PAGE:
“Come now, and let us reason together,” says the Lord. Isaiah 1:18
Delivered by the prophet Isaiah, this simple statement serves as a lead-in of sorts to the promise that through Jesus’ life, death and resurrection our sins will be forgiven, forgotten, made “white as snow.” I often wonder if the directive bears an additional point; simply to “come now” and spend time “just being” in relationship with Him.
In the day-to-day living of life, perhaps we can be tempted to think that because we’re “Christians,” read our Bibles regularly and through study strive to know a great deal about God, we therefore actually know God. In reality, that’s just not the true picture. The only way we can really, truly know our Lord is to invest the one-on-one time with Him that’s necessary for any friend- or relationship to flourish. With Jesus, many of these experiences come in the form of dedicated prayer or a request for the Holy Spirit to indwell us completely. Submissions like these give us the tools to converse with God as He whispers softly into our hearts.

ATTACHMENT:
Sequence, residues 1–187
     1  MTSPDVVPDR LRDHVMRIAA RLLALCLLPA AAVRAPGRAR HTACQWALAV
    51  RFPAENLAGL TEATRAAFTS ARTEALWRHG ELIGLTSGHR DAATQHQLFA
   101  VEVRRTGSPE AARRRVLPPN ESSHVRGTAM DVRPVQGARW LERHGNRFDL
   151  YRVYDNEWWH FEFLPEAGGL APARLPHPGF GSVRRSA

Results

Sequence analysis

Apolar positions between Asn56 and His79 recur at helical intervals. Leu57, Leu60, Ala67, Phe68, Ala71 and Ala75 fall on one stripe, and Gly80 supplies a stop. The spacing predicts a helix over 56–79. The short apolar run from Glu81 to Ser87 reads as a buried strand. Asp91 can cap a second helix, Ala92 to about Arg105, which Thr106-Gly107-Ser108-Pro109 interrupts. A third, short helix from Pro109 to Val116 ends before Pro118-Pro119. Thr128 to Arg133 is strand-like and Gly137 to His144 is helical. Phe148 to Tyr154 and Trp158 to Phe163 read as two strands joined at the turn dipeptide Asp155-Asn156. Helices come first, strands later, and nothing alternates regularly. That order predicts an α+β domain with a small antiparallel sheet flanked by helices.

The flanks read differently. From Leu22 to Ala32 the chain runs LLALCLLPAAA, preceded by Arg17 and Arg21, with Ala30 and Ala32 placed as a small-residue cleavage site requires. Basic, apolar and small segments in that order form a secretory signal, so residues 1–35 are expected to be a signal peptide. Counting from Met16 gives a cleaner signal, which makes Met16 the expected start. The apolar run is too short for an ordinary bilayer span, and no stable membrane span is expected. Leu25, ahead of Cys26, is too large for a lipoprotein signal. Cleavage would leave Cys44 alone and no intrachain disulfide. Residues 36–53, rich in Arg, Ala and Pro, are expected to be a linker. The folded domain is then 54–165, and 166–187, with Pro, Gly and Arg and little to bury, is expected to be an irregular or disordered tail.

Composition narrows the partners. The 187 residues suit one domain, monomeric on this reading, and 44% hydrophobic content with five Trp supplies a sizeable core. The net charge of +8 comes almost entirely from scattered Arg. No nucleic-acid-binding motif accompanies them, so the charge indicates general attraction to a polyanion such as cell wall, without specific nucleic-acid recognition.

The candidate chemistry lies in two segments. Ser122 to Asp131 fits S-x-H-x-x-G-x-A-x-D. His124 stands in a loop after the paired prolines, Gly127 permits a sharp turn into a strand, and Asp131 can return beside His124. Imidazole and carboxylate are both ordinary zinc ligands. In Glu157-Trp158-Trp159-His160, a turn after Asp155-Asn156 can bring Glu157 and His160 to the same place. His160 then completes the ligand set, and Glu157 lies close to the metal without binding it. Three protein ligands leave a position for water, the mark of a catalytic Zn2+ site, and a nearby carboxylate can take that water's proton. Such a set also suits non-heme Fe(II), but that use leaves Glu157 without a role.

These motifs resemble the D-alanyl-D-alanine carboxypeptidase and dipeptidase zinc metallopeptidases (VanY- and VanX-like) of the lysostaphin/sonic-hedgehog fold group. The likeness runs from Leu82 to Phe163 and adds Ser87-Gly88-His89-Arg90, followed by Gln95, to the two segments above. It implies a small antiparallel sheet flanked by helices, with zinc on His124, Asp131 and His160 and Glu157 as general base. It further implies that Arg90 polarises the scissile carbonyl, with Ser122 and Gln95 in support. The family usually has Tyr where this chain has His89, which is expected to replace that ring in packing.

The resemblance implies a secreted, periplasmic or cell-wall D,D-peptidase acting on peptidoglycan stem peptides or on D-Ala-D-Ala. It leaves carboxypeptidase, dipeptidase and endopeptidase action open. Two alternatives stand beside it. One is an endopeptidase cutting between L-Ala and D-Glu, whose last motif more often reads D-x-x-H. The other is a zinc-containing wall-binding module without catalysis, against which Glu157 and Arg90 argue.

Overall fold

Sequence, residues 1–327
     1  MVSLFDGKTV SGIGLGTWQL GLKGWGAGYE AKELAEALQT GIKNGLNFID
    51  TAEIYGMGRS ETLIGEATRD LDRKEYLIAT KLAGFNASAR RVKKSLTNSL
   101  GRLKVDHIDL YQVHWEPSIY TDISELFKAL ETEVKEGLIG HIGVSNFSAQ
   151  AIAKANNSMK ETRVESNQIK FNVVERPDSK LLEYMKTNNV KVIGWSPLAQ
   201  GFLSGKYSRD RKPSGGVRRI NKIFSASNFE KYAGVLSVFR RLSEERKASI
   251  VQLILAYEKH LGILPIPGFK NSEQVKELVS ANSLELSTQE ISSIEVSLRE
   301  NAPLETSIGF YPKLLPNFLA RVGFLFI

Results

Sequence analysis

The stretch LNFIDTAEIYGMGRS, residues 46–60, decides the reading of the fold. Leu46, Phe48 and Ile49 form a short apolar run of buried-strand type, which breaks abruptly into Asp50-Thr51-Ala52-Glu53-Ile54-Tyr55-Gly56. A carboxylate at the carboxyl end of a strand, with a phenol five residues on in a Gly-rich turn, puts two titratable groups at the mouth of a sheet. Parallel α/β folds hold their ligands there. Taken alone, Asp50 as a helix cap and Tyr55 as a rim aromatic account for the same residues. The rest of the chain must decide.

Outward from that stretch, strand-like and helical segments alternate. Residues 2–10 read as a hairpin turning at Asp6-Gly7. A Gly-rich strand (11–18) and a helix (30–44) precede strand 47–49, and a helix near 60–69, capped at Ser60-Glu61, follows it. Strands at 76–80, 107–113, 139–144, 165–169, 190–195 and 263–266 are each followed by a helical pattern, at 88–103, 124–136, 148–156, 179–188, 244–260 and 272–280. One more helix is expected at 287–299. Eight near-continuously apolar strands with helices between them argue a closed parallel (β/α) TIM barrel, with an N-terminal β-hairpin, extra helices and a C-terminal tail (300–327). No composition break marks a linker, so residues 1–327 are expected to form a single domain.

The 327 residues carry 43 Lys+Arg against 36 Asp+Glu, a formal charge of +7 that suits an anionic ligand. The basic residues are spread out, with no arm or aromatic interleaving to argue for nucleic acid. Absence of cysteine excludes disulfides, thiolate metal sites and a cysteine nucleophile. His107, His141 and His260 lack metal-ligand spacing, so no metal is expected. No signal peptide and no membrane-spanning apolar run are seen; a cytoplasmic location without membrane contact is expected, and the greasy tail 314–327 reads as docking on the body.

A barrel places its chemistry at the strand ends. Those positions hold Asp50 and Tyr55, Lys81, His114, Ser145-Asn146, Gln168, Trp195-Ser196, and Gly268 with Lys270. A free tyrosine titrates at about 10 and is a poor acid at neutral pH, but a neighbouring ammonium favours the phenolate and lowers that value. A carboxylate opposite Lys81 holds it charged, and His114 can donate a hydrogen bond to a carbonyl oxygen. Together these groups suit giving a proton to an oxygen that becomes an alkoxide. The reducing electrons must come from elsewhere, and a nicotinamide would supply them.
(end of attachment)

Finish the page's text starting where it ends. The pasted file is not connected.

Despite our intentions, however, to “come now and reason together” as Jesus calls us is not always an easily-established routine because, let’s face it, patience can be about as misplaced in today’s culture as horse-drawn buggies on the freeway. One author attributes the issue to the pace of our society.
“We might consider an appointment with a hairdresser to be inviolable, but when God lays claim to our time, we balk.” Squirming yet? Because as I retrace the steps of my past – even to last weekend’s mad-dash to meet the ACC schedule – I am. And the conviction gets worse. “Rather than spend time with God and allow ourselves to bask in His presence and soak up His love,” she says, “we manufacture substitutes – things to do to take the place of simply being with Him.” The specifics are brutal and include offering praise, worshiping through music, doing good works, memorizing Scripture – “all good activities, but unequal to resting quietly before Him.”
The highest value of “being with” Jesus rests firmly in developing a personal relationship with Him. True, it requires time and willingness on our part, but our meager efforts will never touch the time and willingness required on the other side of this relationship. In His life, death and resurrection lies the truth that the Savior gave us fully His “up” time as well as His “down” time. How, then, can we offer Him any less than our own?